Dance Dance Dance by Haruki Murakami

September 26, 2013

Dance-Dance-Dance Plot summary (from the publisher): In this propulsive novel by the author of Hard-Boiled Wonderland and the End of the World and The Elephant Vanishes, one of the most idiosyncratically brilliant writers at work in any language fuses science fiction, the hard-boiled thriller, and white-hot satire into a new element of the literary periodic table.

As he searches for a mysteriously vanished girlfriend, Haruki Murakami’s protagonist plunges into a wind tunnel of sexual violence and metaphysical dread in which he collides with call girls; plays chaperone to a lovely teenaged psychic; and receives cryptic instructions from a shabby but oracular Sheep Man. Dance Dance Dance is a tense, poignant, and often hilarious ride through the cultural Cuisinart that is contemporary Japan, a place where everything that is not up for sale is up for grabs.

Warning: Spoilers below!


  • Yuki was a fantastic character. I usually don’t care for precocious teens, but Murakami managed to strike the perfect balance here between maturity and youthfulness. At times, Yuki did indeed sound way too wise for her years. But then she’d pop out with an “Ewww, that’s gross!” or something similar to remind readers that she was just 13.
  • The unnamed protagonist was rather likable as well. I guess this book was the fourth one featuring this unnamed writer, but it was the first one I read. Still, I think I got a good feel for the guy and didn’t feel as though I were missing out on something big by not having read any of the books before this one.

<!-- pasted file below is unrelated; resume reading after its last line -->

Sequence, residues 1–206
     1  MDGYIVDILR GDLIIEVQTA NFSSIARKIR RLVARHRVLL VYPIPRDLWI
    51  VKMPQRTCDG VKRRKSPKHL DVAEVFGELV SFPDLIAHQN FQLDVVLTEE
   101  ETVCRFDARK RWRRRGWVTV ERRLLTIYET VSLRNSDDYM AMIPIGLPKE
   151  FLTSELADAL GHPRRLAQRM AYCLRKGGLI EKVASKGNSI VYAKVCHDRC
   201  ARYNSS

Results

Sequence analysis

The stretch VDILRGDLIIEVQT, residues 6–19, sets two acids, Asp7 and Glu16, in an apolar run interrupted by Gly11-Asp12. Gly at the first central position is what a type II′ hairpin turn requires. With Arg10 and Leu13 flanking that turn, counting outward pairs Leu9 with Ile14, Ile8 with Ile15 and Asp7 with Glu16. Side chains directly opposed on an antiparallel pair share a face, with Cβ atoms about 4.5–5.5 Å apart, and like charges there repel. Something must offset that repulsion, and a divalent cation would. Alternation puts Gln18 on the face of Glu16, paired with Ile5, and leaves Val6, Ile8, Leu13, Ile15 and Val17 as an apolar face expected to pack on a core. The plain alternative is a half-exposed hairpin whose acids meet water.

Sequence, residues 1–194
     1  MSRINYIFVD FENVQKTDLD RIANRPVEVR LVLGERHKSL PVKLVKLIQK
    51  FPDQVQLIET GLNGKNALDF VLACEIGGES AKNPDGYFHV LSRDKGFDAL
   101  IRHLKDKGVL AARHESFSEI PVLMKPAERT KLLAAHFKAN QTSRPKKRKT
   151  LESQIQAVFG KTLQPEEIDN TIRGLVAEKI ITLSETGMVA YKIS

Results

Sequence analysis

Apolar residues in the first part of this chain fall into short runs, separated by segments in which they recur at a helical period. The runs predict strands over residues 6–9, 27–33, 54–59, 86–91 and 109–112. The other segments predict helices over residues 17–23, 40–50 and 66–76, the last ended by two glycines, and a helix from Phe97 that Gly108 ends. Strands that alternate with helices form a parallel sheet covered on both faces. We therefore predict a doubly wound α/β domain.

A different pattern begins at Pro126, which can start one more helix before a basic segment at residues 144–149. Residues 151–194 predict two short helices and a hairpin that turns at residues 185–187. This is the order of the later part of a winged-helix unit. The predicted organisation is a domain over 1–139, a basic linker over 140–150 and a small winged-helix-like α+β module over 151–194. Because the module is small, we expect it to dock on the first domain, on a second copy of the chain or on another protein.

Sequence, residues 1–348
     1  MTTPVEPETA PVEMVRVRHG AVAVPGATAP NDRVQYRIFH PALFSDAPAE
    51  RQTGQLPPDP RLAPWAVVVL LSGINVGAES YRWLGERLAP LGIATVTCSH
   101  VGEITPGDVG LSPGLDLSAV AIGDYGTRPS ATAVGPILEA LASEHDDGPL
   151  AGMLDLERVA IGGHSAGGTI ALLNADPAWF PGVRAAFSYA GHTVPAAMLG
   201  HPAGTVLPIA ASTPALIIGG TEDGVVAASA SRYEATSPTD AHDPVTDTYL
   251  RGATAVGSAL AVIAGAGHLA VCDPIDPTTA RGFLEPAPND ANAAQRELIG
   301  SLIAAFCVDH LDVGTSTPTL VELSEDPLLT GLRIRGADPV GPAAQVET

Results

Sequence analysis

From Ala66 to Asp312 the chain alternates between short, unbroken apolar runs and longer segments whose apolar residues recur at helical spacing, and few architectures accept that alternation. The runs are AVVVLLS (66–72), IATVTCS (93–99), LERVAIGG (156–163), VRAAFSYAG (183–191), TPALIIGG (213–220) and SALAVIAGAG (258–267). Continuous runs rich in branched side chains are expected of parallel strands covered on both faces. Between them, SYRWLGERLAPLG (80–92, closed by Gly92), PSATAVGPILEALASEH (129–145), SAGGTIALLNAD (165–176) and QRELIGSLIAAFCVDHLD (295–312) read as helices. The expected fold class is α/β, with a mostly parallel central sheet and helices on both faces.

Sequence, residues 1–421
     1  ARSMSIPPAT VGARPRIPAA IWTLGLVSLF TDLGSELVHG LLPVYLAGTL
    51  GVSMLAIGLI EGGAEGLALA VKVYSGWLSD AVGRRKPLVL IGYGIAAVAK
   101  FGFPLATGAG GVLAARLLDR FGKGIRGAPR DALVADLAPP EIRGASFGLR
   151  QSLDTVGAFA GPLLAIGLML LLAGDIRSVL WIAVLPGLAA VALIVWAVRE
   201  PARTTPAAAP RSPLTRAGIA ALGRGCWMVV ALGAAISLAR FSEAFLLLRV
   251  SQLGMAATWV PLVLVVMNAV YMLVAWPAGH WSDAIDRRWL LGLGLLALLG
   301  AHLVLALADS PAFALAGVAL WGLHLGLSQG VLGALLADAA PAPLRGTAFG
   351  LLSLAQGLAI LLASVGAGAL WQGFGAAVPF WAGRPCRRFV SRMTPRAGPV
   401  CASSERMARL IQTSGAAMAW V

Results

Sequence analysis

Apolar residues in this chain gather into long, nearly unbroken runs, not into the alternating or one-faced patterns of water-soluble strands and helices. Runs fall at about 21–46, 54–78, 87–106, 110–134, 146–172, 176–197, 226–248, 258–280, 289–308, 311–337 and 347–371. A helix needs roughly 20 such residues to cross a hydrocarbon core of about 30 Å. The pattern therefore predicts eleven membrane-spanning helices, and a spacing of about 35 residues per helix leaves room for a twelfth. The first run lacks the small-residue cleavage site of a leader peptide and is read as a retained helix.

• The murder mystery was sort of interesting at times. Obviously no one expects to get a tightly plotted mystery from Murakami, but some aspects of that storyline were a bit suspenseful.


  • The supernatural stuff just doesn’t do it for me. I know this is a standard element in pretty much all of Murakami’s novels, but it bores me to death.
  • Love and loss, love and loss…the same themes over and over again.
  • Gotanda was annoying as hell. I couldn’t stand the character or any of the scenes involving him. He was weird from the start and I figured he had something to do with the hooker’s death, so none of that surprised me.
  • The Sheep Man was absurd and unnecessary. Yeah, I know this “character” appears in other Murakami books as well, but that doesn’t mean I have to like it!


This was the second Murakami novel that I’ve read and third book overall (the other being a collection of short stories). While I think Murakami’s prose is gorgeous (even in translation), I don’t think I’ll continue reading any more of his works. I just can’t put up with the shifting realities and supernatural beings that populate his novels and must therefore conclude that he’s not for me. I do give this book 3 stars out of 5, however.

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